These numerical improvements do not tell the full story. To demonstrate the impact of the improvement, we use our association to drive a complete pipeline for 3D human tracking (that exploits physical constraints on human limb lengths and symmetry) to estimate spatially stable and temporally coherent 3D skeleton for each tracked person. Compared to the baseline, our method shows significant improvement (5-10X) in 3D skeleton reconstruction, stability, minimizing tracking noise. We believe, for the first time, stable and long duration 3D human tracking has been demonstrated in actual chaotic live group events captured in the wild. Please see supplementary material for reconstructions.
Contributions: (1) We present an automatic domain adaptation of person appearance descriptor using monocular motion tracking, mutual exclusive constraints, and multiview geometry in a multitask learning framework without any manual annotations. (2) We show that discriminative appearance descriptor enables reliable and accurate tracking via simple clustering. (3) We present a pipeline for accurate and consistent 3D skeleton tracking of multiple people participating in a complex group activity from mobile cameras “in the wild”.
2 Related Work
Our work is related to the themes of people reID and multiview motion tracking. People reID focuses on learning appearance descriptors that match people across viewpoints and time. Recent advances in people reID can be attributed to large and high-quality datasets [12, 13, 14], and strong end-to-end descriptor learning. Common approaches include verification models [12, 15, 16], classification models [17, 18], or their combinations [19, 20]. Some recent works also consider body part information [21, 22] for fine-grained descriptor learning. We build on these works but show how a generic person descriptor is insufficient for reliable human association on the multiview videos captured in the wild. Instead, we propose an automatic mechanism to adapt the person descriptor to the captured scene without any manual annotations. Thus, our association model is event (scene) specific rather than generic human reID models.
People tracking approaches formulate person association as a global graph optimization problem by exploiting the continuity of object motion; examples include [1, 23, 24] for single view tracking, and [4, 25, 26] for multiview tracking from surveillance cameras. These approaches use relatively simple appearance cues such as the histogram of color, optical flow, or just the overlapping bounding box area [2, 3, 23, 27, 28, 29, 30] for monocular settings or 3D occupancy map from multiview systems [5, 31, 32]. These methods mainly focus on reliable short-term tracklets as the targets permanently disappear after a short time. Our algorithm takes those tracklets as inputs and produces their associations. Additionally, whereas existing multiview tracking algorithms require calibrated and mostly stationary cameras [5, 31, 32, 33], our method can handle uncalibrated moving cameras and can temporally align multiple videos automatically during the data generation process for domain adaption.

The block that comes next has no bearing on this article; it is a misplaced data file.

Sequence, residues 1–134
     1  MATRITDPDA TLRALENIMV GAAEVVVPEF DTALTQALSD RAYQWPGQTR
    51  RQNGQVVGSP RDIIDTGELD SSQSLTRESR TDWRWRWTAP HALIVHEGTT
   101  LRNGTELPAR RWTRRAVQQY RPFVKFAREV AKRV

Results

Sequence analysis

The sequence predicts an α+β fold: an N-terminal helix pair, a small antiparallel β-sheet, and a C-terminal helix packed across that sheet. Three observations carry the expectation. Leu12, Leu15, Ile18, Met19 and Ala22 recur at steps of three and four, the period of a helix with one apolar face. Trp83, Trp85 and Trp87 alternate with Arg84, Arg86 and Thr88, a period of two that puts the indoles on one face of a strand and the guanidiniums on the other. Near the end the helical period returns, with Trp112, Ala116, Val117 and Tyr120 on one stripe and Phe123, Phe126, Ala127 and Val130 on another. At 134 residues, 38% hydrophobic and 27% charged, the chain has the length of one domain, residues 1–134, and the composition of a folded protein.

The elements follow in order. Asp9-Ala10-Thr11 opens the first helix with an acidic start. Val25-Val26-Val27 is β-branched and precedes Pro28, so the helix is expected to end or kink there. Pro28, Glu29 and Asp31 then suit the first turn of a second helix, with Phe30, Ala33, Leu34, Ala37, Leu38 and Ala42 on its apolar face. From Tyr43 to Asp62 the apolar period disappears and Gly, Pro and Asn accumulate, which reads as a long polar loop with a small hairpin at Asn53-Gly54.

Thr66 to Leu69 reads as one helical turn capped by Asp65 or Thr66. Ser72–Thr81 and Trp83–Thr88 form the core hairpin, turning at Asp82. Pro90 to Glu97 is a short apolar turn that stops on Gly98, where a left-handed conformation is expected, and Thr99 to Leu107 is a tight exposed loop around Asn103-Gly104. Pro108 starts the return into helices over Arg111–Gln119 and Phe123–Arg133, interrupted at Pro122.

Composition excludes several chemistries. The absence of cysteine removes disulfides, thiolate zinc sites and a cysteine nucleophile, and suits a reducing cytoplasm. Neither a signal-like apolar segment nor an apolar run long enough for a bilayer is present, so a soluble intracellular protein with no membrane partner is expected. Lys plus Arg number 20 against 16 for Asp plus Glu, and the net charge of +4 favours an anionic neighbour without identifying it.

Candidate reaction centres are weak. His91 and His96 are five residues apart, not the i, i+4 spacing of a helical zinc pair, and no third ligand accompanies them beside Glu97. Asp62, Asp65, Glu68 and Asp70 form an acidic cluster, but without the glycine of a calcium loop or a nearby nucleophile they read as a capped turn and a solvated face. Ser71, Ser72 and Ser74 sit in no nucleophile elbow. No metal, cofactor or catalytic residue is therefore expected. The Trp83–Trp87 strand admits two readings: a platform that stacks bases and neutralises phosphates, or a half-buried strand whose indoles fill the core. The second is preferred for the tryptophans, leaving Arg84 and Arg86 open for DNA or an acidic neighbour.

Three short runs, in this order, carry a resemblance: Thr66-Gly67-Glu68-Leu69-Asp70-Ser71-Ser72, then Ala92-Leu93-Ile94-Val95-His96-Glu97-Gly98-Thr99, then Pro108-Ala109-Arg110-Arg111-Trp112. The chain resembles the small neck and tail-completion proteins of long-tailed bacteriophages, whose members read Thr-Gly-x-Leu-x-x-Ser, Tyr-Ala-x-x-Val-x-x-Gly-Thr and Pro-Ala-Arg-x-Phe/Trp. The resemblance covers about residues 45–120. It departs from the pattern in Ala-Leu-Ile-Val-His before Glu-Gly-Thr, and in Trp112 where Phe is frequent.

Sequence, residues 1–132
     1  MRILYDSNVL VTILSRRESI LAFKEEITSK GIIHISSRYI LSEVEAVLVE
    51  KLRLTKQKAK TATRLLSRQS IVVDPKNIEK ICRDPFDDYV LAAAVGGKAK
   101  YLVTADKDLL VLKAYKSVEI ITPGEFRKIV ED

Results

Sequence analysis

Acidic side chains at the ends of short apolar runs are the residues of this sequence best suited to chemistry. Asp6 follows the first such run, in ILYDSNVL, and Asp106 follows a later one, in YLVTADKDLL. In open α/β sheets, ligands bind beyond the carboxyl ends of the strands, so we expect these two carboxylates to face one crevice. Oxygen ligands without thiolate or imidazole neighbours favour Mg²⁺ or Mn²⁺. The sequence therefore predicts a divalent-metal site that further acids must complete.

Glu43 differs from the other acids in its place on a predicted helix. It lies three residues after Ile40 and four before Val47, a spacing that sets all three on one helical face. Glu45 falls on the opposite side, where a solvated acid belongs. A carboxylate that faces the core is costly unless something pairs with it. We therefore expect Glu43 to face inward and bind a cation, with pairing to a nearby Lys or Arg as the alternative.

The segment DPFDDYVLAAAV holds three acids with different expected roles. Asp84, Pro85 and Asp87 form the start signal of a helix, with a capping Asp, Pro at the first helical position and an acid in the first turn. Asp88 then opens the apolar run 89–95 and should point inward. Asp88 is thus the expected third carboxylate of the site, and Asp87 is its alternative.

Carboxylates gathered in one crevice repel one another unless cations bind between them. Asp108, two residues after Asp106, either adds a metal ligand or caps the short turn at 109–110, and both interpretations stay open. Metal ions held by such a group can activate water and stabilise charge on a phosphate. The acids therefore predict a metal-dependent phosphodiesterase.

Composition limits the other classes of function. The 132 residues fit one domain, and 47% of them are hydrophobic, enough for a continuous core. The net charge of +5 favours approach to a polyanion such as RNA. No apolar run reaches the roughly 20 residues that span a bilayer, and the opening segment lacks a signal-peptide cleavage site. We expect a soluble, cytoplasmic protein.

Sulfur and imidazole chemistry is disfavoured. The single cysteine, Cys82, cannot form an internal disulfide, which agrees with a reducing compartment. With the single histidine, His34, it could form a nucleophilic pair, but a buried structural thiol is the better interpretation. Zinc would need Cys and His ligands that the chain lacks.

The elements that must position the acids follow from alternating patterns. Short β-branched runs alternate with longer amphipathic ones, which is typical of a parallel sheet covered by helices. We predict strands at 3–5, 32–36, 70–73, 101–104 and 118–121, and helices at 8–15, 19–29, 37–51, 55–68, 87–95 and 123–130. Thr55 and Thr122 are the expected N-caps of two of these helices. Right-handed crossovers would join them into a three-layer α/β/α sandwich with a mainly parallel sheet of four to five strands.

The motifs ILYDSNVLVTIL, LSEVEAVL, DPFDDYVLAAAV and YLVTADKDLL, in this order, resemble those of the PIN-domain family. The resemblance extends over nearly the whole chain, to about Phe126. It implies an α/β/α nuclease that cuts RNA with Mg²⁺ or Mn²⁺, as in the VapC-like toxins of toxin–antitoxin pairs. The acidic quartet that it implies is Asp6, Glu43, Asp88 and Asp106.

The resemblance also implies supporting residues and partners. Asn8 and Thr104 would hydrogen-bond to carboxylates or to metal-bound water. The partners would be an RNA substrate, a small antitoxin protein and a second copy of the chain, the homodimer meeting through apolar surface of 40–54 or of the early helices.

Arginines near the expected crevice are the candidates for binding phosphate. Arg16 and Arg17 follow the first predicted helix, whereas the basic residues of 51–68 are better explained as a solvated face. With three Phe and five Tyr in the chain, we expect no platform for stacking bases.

There are also recent efforts to combine the benefits of global optimization for people association with discriminative appearance descriptors with clear improvements over isolated approaches [34, 35, 36, 37, 38]. Notably, Yu et al.  present an identity-aware multiview tracking algorithm for a known number of people that exploits the sparsely available face recognition, mutual exclusion constraints, and the locality information on a 3D ground plane obtained from fixed cameras to solve a optimization problem. We address a similar problem but in unconstrained settings with handheld cameras and unknown number of people. Our insight is to learn strong scene-aware person descriptor rather than solving complex optimization problems.
Our application to 3D markerless motion tracking has been studied in both laboratory setups [39, 40, 41, 42] and more general settings with less restrictive model assumptions , owing to advances in CNN-based body pose detectors [44, 45, 46]. Recent methods with sophisticated visibility modeling  or learning based regression [48, 49] enabling motion tracking with few or monocular camera while trading off accuracy are actively explored. However, existing methods for motion tracking showcase the results on activity involving 1 or 2 people in restricted setups. In contrast, we target 3D motion tracking of complex group activities of many people (up to 60 people) in unconstrained settings.
3 Scene Aware Human Appearance Descriptor